When impacted at 24.7 degrees and 101.2 km/h with a 2182-kg pickup truck, the dynamic deflection of the safety fence installation was reported to be 2.5 meters (8.25 feet). All NCHRP Report 350 evaluation criteria for this test were satisfactorily met. You indicate in your letter that the impact severity of the crash was computed to be 150.5 kJ which is 9 percent higher than the target value of 138.1 kJ for NCHRP Report 350 TL-3 crash tests. Further we note that you used a European Union equation to normalize the dynamic deflection and estimated that the deflection would have been approximately 7.9 ft had the impact severity been the standard NCHRP Report 350 TL-3 value of 138.1 kJ. The figure below shows the actual and normalized deflections for NCHRP Report 350 TL-3 impact severities (minimum, nominal, and maximum). As we have stated in earlier acceptance letters for cable barriers, the design deflection distance is based on a single standard test conducted under carefully controlled conditions. It should not be considered an exact distance, but rather as a single point within the range of deflections that can be expected under actual field conditions.

Line graph, normalized deflection and impact severity for Brifen NCHRP Report 350 TL-3 Crash Test B-2

In the crash test rigging screws were purposely arranged so that they would be located in the area where vehicle-barrier contact occurs to demonstrate that their location does not affect barrier performance. Two rigging screws were located at post 9, and the other two rigging screws were located midspan between posts 8 and 9. The vehicle was in contact with the barrier from post 5 through post 10, inclusive. None of the rigging screws was damaged, and the performance of the barrier was not affected by the rigging screws.

In summary, based on the most recent crash test your Brifen 4-cable WRSF, remains acceptable as TL-3 and TL-4 traffic barriers and may be used on the NHS with any post spacing from 1.6m (5.2 ft) to 6.4m (21 ft) using driven posts, posts set in driven steel sleeves, or posts in socketed concrete foundations and with 4 cables as long as cable heights and other conditions are consistent with previous FHWA acceptance letters and when such use is specified by the contracting agency. As noted earlier in this letter, the purpose of the referenced crash test was to ascertain the dynamic deflection of a Brifen installation with 21-ft (6.4-m) post spacing. We concur that this design deflection is 7.9 feet.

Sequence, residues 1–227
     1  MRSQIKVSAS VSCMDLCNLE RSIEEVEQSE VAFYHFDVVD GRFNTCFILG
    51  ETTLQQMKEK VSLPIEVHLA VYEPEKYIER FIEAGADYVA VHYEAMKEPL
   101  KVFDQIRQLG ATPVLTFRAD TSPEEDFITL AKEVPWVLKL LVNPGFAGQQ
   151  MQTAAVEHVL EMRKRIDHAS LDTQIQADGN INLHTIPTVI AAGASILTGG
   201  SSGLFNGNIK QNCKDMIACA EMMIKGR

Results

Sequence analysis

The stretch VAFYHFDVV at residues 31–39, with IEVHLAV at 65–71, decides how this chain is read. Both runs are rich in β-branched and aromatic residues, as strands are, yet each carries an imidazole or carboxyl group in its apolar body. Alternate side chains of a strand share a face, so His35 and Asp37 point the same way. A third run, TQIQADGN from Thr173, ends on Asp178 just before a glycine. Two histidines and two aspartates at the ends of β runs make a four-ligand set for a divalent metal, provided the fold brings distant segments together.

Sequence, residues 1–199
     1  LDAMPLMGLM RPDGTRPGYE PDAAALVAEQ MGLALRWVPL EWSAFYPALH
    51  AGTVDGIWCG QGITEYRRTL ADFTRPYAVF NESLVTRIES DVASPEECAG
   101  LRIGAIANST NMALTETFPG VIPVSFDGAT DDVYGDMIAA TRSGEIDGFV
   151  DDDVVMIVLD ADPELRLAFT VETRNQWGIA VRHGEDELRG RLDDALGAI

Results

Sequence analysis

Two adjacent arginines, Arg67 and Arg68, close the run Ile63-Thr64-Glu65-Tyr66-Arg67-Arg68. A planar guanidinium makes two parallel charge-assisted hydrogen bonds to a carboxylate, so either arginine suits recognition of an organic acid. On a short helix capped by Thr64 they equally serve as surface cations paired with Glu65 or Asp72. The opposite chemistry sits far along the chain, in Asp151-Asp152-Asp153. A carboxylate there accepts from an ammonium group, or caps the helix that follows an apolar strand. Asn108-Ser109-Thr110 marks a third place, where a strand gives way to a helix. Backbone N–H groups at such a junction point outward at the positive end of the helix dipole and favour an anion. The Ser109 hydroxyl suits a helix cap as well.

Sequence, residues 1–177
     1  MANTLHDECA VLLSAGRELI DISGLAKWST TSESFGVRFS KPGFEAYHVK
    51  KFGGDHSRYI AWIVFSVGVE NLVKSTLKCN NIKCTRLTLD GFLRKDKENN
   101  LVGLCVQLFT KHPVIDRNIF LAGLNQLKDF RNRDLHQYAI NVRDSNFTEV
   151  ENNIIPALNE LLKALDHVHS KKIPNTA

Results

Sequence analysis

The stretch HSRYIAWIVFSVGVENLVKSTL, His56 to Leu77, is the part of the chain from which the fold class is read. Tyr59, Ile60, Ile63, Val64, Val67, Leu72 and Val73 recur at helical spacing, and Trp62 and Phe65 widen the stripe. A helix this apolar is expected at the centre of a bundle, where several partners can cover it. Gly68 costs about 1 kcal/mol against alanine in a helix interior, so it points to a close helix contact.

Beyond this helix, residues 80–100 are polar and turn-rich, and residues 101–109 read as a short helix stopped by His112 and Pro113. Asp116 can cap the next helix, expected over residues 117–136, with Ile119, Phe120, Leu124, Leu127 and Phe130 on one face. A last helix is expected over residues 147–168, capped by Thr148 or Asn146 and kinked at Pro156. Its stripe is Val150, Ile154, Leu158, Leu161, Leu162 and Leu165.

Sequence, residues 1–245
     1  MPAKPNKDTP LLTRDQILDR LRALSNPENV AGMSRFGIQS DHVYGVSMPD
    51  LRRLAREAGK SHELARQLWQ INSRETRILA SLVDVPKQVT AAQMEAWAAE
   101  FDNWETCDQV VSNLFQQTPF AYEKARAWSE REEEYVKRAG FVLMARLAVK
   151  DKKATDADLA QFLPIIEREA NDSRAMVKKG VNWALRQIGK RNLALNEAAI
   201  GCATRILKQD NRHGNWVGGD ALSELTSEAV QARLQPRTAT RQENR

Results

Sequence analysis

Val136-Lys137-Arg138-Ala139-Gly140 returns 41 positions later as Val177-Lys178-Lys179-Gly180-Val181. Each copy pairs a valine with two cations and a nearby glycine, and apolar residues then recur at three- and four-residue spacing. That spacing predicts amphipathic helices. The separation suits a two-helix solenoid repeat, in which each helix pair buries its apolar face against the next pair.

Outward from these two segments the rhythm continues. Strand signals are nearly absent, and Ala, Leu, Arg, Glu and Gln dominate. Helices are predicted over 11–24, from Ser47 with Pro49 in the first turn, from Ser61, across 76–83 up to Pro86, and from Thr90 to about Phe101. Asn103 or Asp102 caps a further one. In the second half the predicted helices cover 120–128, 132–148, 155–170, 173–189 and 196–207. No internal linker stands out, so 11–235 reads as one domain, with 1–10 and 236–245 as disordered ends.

We understand that all steel components used in any of the accepted Brifen systems are manufactured in the U.S. with U.S. steel and are not subject to the Buy America provisions of Title 23, U.S. Code (USC), Section 635.410.

Although the barrier performed well under ideal test impact conditions, the likelihood of passenger car underrides of any cable system may increase as the post spacing increases, particularly when the barrier is installed on non-level or slightly irregular terrain and the cables are not restrained from lifting at each post. Consequently, some transportation agencies have limited post spacing to approximately 6m (20 feet) for cable barriers. The dynamic deflection of the barrier is likely to increase when it is installed along the convex sides of horizontal curves, and when distances between anchorages exceed the 60-m (200-foot) test length.

Please note the following standard provisions that apply to FHWA letters of acceptance:


Sincerely yours,

/* Signature of David A. Nicol */

David A. Nicol, P.E.
Director, Office of Safety Design
Office of Safety


File: s://directory folder/nartimovich/B82_DBrifen_21_foot_spacing_fin.doc
cc: HSSD (Reader, HSA; Chron File, HSSD; NArtimovich, HSSD)